IVP Question paper solution may 2023 – AI&DS

IVP Question paper solution may 2023

Q1 a Compare Lossless Compression Techniques & Lossy Compression Techniques [5]

S.NOLossy CompressionLossless Compression
1.Lossy compression is the method which eliminate the data which is not noticeable.While Lossless Compression does not eliminate the data which is not noticeable.
2.In Lossy compression, A file does not restore or rebuilt in its original form.While in Lossless Compression, A file can be restored in its original form.
3.In Lossy compression, Data’s quality is compromised.But Lossless Compression does not compromise the data’s quality.
4.Lossy compression reduces the size of data.But Lossless Compression does not reduce the size of data.
5.Algorithms used in Lossy compression are: Transform coding, Discrete Cosine Transform, Discrete Wavelet Transform, fractal compression etc.Algorithms used in Lossless compression are: Run Length Encoding, Lempel-Ziv-Welch, Huffman Coding, Arithmetic encoding etc.
6.Lossy compression is used in Images, audio, video.Lossless Compression is used in Text, images, sound.
7.Lossy compression has more data-holding capacity.Lossless Compression has less data-holding capacity than Lossy compression technique.
8.Lossy compression is also termed as irreversible compression.Lossless Compression is also termed as reversible compression.

Q1 b State and Explain properties of FFT. [5]

Answer here : https://www.doubtly.in/q/q1-state-explain-properties-fft-5/

Q1 c Explain zero memory enhancement techniques 1) Contrast Stretching 2) Thresholding [5]  

Zero memory enhancement techniques are methods used in image processing to enhance the visual quality of an image without considering its spatial context. Two common techniques are Contrast Stretching and Thresholding.

1. Contrast Stretching

Contrast stretching, also known as normalization, improves the contrast of an image by expanding the range of pixel intensity values. It maps the original intensity values to a new range, typically from the minimum to maximum possible values, making the details in the image more distinguishable. This is achieved through a linear transformation:

[ I_{\text{new}} = \frac{(I_{\text{old}} – I_{\text{min}})}{(I_{\text{max}} – I_{\text{min}})} \times (L_{\text{max}} – L_{\text{min}}) + L_{\text{min}} ]

where ( I_{\text{old}} ) is the original intensity, ( I_{\text{new}} ) is the adjusted intensity, ( I_{\text{min}} ) and ( I_{\text{max}} ) are the minimum and maximum intensities in the original image, and ( L_{\text{min}} ) and ( L_{\text{max}} ) are the minimum and maximum intensity limits for the desired output.

2. Thresholding

Thresholding is a technique used to convert a grayscale image into a binary image. It involves selecting a threshold value ( T ), and then transforming each pixel in the image as follows:

[ I_{\text{binary}}(x, y) =
0 & \text{if } I(x, y) < T \
1 & \text{if } I(x, y) \geq T

where ( I(x, y) ) is the intensity of the pixel at coordinates ( (x, y) ). This technique highlights certain features within the image, such as edges or areas of interest, by separating the pixels into two groups based on the threshold, effectively simplifying the image analysis.

etc resources for it : https://www.dynamsoft.com/blog/insights/image-processing/image-processing-101-point-operations/

Q1 d Find the DCT of the given sequence. f(x)= {1,2,4.7} [5]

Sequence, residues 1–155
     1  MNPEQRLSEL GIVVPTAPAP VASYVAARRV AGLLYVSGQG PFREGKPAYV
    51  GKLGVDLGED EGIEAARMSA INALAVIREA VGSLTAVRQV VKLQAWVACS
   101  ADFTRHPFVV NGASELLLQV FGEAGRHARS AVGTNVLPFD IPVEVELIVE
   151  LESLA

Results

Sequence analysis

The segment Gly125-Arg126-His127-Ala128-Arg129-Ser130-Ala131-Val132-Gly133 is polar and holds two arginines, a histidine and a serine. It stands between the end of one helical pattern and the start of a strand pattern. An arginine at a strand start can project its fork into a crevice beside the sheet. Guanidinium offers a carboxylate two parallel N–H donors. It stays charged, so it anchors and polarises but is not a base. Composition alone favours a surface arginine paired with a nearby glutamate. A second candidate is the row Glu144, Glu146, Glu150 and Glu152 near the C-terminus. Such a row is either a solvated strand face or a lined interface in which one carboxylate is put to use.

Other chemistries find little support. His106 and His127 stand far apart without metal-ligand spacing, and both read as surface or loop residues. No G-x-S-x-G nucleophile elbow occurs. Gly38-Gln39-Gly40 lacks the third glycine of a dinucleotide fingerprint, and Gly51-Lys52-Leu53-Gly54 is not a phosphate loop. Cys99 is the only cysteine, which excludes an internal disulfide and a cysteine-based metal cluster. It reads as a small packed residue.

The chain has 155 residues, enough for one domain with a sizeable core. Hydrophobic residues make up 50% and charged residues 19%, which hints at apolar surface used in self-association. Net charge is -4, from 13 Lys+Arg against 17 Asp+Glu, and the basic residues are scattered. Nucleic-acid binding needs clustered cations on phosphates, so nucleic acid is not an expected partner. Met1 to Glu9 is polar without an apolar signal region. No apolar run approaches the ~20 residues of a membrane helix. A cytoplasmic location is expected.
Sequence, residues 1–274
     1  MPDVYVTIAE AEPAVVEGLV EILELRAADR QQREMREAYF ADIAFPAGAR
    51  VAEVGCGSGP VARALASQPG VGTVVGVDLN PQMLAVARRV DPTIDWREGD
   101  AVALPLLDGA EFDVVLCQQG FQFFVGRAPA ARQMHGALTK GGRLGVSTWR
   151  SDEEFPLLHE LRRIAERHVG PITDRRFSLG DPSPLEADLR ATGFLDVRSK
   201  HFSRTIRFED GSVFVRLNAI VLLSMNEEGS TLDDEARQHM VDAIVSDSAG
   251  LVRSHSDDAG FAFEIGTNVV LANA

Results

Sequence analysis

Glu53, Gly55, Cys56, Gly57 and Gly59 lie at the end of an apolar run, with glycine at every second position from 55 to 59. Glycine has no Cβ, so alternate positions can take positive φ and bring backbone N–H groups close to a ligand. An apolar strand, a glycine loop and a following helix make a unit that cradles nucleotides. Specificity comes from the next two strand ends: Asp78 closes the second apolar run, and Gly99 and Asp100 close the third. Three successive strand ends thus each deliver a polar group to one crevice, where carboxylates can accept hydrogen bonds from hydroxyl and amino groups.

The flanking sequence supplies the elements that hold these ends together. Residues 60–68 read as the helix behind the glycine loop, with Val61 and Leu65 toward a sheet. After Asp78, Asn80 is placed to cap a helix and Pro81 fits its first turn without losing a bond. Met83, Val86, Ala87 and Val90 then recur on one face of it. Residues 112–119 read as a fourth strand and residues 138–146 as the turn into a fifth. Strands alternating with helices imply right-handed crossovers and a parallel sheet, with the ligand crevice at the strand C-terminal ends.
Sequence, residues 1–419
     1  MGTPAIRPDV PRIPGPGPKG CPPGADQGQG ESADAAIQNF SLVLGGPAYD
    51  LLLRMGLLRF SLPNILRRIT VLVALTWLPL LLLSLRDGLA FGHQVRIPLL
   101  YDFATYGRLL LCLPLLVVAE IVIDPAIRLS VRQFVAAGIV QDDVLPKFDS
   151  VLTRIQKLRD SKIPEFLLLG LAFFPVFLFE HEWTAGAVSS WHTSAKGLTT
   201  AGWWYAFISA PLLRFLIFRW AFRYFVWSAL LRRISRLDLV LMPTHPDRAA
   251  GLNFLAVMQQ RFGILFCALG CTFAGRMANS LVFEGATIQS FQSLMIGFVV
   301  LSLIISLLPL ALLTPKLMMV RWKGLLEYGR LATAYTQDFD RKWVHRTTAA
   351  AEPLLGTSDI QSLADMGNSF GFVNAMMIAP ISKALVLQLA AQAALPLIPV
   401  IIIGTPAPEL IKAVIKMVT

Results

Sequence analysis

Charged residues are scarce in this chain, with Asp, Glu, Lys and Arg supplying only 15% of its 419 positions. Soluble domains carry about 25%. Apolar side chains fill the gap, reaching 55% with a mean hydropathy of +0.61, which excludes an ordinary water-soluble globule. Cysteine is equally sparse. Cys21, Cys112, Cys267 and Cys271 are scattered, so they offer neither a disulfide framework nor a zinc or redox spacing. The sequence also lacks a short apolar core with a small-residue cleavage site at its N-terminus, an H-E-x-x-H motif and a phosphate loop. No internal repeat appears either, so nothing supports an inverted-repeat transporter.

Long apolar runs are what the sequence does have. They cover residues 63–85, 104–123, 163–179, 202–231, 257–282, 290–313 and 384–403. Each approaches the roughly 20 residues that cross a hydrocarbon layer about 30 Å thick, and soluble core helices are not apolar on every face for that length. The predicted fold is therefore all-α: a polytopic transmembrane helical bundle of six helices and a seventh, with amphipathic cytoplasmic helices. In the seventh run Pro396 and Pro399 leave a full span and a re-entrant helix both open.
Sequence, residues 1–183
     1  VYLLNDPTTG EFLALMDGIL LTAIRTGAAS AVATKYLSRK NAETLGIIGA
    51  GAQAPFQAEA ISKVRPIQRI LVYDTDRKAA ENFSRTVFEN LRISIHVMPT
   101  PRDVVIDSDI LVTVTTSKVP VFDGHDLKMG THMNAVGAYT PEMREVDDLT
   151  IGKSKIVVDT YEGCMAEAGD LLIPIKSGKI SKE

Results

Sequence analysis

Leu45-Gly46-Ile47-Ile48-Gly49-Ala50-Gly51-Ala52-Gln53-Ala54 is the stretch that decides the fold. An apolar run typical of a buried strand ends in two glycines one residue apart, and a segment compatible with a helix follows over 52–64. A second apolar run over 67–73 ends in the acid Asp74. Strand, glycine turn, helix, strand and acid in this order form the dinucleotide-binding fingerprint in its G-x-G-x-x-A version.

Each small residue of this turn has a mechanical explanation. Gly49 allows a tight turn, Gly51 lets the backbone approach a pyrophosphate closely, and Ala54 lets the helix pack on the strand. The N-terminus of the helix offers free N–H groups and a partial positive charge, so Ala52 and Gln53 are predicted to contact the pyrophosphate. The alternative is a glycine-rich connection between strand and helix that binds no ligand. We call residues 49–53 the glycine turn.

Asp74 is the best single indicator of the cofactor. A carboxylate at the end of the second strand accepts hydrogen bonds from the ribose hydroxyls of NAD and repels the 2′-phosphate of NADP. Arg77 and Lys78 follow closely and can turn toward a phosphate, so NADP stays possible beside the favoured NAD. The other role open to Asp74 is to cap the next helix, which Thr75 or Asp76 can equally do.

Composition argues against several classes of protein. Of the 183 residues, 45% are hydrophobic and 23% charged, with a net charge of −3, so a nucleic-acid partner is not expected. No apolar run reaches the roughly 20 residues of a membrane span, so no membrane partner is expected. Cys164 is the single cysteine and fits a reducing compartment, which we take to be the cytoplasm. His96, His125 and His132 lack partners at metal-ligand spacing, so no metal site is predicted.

Answer here : https://www.doubtly.in/q/find-dct-sequence-fx-124-7/

Q1 e Explain sampling and Quantization. [5]

Sampling and Quantization

Sampling and quantization are two fundamental processes involved in converting an analog signal into a digital signal. These processes are essential in various applications, including digital imaging, audio recording, and telecommunications.

1. Sampling

Sampling is the process of converting a continuous-time signal (analog signal) into a discrete-time signal. This involves measuring the amplitude of the analog signal at regular intervals called the sampling interval. The result is a series of discrete values that represent the signal at those specific points in time.

Key Concepts:

  • Sampling Rate (Frequency): The number of samples taken per second, measured in Hertz (Hz). According to the Nyquist theorem, the sampling rate must be at least twice the highest frequency present in the signal to accurately capture all the information without aliasing.
  • Nyquist Theorem: To avoid aliasing (distortion due to undersampling), the sampling rate 𝑓𝑠fs​ must be at least twice the maximum frequency 𝑓maxfmax​ of the signal: 𝑓𝑠≥2𝑓maxfs​≥2fmax​.


  • If an audio signal has a maximum frequency of 20 kHz, the minimum sampling rate should be 40 kHz to capture the signal without aliasing.

2. Quantization

Quantization is the process of mapping the continuous range of amplitude values of the sampled signal into a finite set of discrete levels. Each sampled value is approximated to the nearest quantization level, introducing a quantization error.

Key Concepts:

  • Quantization Levels: The number of discrete amplitude levels available. More levels result in higher precision but require more bits to represent each sample.
  • Bit Depth: The number of bits used to represent each quantized value. Higher bit depth provides a more accurate representation of the analog signal. For example, an 8-bit system has 256 (2^8) levels, while a 16-bit system has 65,536 (2^16) levels.
  • Quantization Error: The difference between the actual analog value and the quantized value. This error introduces noise into the signal, known as quantization noise.


  • In an 8-bit quantization system, the continuous amplitude range of the signal (e.g., 0 to 5 volts) is divided into 256 discrete levels. Each sampled value is then approximated to the nearest of these 256 levels.